Great minds.  And the people of this country who, at first, retired.  All of that knowledge, all of that skill, all of that experience -- wasting away.  What, so they can hit a little white ball around a field?  Sit on a beach?  I mean, what are ya doing?  I hate to be the bearer of bad news -- but what else is new -- the boat called America is sinking, and we're a little short on life rafts.  Could ya help.  Could ya get into the game?  And I don't mean necessarily go back to work, I mean, could you help others?  Could you mentor someone?

 I don't want to talk about the untapped resource tonight of the retired.  I want to talk about someone else that wants to get into the game.  The other side of the retirees: the youth.  The 25 and under crowd.

Something that a lot of people in America won't be willing to admit, but I will.  Those of us who are in our forties, fifties, and above.  In many ways, we have failed our kids.  Mainly because we didn't know. We just didn't see it coming.  As parents, we had this bizarre expectence that everybody, that our kids will just feel the way we do, learn all of this stuff through osmosis, and America will always be here.

So we gave our kids a gentle shove out into the world, sending them to the wolves, without a clue.  We let the school, we let television, Sesame Street, society, anyone but us raise our kids, because we wanted to have it all.  It was a lie, and we bought it.

Now our kids don't have the same understanding that we do, and they're entering a very different world unprepared, because everybody got a stupid trophy.  Now, we bought into the lie that a college education is the only chance for success and without it, you're screwed.

Before the elites have a cow, I believe there are many things you do that require extensive studies.  This morning we were talking about this new jet -- I don't know if anybody saw it -- there's this new jet that they say can fly at incredible speeds, or they're working on it, I don't know, about 30 years away or so.  And we were talking about at what speed does steel break down.  At what point does metal breakdown?  Do we have a new alloy that can withstand those extreme conditions?

Well, you have to have a college education to even answer that question.  People pushing the limits just didn't find them on the streets at a McDonalds and all of a sudden they're like, 'I like birds and big shiny things in the sky.  I'll make something that flies fast.'  You do need a little higher understanding.

But at the same time, we endorse an educational system now that is increasingly only about memorization.  Dates.  It's not about critical thinking.  It's about passing a test.

[Editor's note: It CAN be about critical thinking if the college student actively seeks fields that foster those skills, chooses to apply those skills, and further utilizes resources, such as discussions with professors after class, study groups, clubs, etc.  Or, it was that way 15 years ago, for me.]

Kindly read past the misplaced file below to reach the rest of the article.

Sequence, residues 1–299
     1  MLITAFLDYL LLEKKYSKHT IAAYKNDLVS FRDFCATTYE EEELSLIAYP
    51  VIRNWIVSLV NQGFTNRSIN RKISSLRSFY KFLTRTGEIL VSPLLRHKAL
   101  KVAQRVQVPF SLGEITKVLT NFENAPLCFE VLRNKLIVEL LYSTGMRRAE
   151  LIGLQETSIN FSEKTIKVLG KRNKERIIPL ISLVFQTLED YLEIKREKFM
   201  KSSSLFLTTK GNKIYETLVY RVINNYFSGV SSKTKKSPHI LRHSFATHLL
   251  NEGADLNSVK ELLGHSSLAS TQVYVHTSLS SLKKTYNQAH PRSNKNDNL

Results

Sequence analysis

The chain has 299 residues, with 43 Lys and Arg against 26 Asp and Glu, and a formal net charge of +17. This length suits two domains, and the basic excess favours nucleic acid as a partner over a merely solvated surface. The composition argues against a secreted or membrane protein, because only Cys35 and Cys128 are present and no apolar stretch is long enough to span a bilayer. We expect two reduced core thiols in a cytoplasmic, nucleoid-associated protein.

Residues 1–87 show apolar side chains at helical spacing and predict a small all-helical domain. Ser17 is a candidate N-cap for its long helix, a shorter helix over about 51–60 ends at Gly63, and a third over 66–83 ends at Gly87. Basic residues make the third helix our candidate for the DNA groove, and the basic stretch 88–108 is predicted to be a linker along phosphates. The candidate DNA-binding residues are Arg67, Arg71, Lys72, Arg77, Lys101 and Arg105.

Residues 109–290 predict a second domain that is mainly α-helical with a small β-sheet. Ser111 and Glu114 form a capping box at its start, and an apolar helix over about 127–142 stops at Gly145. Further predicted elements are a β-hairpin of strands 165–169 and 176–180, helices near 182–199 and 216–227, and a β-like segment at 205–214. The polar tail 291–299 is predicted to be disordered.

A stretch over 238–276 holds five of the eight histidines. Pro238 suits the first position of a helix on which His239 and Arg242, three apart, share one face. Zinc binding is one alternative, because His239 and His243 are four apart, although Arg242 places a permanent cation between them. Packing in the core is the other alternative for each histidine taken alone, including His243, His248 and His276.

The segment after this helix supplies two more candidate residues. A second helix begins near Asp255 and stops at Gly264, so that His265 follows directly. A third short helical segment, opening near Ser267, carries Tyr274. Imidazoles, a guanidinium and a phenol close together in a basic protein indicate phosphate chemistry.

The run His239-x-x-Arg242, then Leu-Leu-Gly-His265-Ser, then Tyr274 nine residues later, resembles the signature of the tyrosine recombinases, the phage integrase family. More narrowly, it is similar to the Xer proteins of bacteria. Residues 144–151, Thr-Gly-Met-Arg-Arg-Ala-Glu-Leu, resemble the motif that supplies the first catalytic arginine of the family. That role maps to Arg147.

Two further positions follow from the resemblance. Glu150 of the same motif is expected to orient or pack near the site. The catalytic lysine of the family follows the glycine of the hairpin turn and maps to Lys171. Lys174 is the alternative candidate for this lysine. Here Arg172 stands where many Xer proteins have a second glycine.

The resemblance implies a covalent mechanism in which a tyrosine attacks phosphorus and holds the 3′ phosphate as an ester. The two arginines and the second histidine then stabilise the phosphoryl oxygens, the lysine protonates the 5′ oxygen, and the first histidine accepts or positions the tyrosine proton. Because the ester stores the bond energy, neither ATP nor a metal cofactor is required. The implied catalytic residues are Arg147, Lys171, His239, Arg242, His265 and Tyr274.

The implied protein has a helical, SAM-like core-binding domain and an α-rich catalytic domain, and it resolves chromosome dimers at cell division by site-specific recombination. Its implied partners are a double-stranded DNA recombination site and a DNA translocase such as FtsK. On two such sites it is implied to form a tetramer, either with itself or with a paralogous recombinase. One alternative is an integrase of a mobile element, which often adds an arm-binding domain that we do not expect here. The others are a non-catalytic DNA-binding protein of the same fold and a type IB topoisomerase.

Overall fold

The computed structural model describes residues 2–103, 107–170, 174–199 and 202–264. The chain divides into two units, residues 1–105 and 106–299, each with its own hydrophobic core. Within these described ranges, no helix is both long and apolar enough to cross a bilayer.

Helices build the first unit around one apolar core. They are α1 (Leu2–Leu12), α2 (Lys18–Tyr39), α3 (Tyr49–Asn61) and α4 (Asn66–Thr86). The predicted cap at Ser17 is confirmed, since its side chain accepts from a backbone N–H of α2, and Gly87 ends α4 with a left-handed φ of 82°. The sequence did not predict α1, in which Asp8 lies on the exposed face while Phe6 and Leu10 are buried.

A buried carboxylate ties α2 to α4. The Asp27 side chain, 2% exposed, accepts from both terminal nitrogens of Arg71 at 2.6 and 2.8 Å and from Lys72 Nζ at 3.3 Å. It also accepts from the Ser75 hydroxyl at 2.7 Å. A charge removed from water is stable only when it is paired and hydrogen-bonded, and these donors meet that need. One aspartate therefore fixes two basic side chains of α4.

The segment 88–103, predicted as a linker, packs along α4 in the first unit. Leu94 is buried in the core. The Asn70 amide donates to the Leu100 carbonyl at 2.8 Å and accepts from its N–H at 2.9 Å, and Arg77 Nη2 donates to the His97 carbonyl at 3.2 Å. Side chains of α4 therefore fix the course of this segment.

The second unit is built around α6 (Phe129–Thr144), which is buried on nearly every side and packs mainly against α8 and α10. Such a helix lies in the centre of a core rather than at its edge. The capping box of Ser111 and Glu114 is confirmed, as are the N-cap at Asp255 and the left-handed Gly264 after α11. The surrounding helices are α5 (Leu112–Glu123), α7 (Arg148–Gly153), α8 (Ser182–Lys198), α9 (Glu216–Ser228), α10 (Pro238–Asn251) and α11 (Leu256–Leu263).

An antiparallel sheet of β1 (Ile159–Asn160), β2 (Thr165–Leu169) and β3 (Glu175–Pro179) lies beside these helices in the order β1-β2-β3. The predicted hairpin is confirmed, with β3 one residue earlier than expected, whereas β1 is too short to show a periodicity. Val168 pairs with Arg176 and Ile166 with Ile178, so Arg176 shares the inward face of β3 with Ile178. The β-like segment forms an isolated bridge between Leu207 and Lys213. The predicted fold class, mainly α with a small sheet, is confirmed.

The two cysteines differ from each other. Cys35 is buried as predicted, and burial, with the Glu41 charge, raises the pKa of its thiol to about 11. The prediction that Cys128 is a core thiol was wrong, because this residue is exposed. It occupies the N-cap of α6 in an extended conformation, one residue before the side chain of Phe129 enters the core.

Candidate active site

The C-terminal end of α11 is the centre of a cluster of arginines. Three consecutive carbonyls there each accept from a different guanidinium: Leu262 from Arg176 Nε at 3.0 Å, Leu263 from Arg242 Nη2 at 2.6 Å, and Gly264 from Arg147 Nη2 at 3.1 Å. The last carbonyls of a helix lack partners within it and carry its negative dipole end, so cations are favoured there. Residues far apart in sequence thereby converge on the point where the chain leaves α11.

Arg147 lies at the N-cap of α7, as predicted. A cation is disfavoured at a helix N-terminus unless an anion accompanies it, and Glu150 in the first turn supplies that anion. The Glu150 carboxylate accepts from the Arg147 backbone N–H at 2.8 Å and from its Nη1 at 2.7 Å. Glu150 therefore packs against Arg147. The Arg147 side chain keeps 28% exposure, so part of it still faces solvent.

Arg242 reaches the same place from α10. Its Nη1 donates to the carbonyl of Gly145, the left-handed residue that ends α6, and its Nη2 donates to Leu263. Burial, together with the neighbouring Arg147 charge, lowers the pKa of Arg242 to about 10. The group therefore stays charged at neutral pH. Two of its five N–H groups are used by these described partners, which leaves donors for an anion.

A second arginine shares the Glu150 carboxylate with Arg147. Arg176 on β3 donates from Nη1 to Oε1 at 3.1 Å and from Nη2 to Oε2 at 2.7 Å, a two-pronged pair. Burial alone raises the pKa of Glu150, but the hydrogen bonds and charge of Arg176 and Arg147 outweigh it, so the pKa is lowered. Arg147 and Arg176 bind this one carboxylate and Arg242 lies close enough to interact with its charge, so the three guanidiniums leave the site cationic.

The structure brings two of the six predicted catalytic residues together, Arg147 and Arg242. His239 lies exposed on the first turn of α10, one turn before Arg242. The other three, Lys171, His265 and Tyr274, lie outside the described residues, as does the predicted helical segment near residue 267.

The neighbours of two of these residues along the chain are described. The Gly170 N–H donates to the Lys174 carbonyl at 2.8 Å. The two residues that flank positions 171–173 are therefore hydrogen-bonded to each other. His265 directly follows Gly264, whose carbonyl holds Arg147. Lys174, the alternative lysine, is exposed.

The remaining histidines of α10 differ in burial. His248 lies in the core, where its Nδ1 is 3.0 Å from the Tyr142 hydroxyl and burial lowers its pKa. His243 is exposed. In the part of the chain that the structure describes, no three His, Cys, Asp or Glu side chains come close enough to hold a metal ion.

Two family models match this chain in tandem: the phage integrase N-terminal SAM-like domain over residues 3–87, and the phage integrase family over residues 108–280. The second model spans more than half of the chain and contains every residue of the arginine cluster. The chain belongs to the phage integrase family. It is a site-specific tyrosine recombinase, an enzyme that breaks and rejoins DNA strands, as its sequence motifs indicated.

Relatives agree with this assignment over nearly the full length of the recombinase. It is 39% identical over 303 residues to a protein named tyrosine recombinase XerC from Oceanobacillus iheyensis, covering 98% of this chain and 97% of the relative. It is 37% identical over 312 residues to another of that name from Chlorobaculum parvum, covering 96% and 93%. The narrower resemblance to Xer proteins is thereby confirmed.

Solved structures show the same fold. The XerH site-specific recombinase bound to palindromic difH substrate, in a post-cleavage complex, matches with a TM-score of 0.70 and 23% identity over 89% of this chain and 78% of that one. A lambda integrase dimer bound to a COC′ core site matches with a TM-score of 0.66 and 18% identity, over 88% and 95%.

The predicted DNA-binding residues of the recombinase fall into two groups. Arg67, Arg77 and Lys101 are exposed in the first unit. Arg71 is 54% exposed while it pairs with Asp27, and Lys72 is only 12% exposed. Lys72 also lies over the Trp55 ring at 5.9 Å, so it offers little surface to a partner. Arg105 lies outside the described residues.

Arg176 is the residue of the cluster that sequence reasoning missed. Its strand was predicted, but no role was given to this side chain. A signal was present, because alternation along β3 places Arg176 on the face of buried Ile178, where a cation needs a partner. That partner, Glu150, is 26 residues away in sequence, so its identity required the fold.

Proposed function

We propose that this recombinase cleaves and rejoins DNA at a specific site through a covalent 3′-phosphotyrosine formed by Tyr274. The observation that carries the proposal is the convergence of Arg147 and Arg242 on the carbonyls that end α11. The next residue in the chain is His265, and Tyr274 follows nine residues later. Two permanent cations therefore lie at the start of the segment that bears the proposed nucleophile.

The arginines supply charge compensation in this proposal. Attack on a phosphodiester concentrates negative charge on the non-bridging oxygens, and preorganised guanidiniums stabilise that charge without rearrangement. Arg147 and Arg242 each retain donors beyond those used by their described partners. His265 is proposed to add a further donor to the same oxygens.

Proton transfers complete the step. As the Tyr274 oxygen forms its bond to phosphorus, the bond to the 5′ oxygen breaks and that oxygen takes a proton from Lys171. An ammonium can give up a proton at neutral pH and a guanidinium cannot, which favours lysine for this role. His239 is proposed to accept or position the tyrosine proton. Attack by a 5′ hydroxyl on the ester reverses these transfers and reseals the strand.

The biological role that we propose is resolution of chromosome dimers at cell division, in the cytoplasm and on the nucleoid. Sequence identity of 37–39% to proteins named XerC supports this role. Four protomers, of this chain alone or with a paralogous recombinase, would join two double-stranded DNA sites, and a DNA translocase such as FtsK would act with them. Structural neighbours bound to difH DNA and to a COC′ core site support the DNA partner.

A system that ushers high school students into college while only 12% have a solid grasp on their nation's history.  And then, we just repeat the process at college.  Only this time, everybody who can pass the test and recite dates, now they owe hundreds of thousands of dollars.  And it's only getting worse.

The cost of a college education is rapidly rising [line graph] more than inflation and even more than the cost of healthcare.  But I don't hear a peep about it in the media.

When I adopted my son, Raif, he's six years old now.  My wife and I got together with a financial adviser and we tried to be responsible.  We said, 'Okay, so how much do we have to put away every month to save up for college for him.'  And we thought we were way ahead of the curve.  We were like, hey, you know, he's just been born, eh.  The financial adviser said, 'Well, at the cost of education as it's rising now, you should put away the full amount now and you may have to add more when he's ready to go to college.'  You've got to be kidding me.  Except, you don't hear a word about that.

[Editor's note: I'm missing something here.  Does that mean that the interest acquired over the next 12 years will not be enough to catch up to the rising costs?]

Something else you don't hear -- does everybody need a $50,000 education?  Do you need to go to Harvard, Yale, Columbia... I mean, what's wrong with learning a trade?  What's wrong with an education that isn't Ivy League?  What's wrong with an apprenticeship?  Is that not the best way to learn -- to actually watch people do the thing you want to do?  Watch them, learn from them, day in and day out.

[Editor's note: There is so much to learn now, especially with American History, that there just isn't time for it to all be covered in high school.  Not that that discounts learning on your own, outside of the classroom.]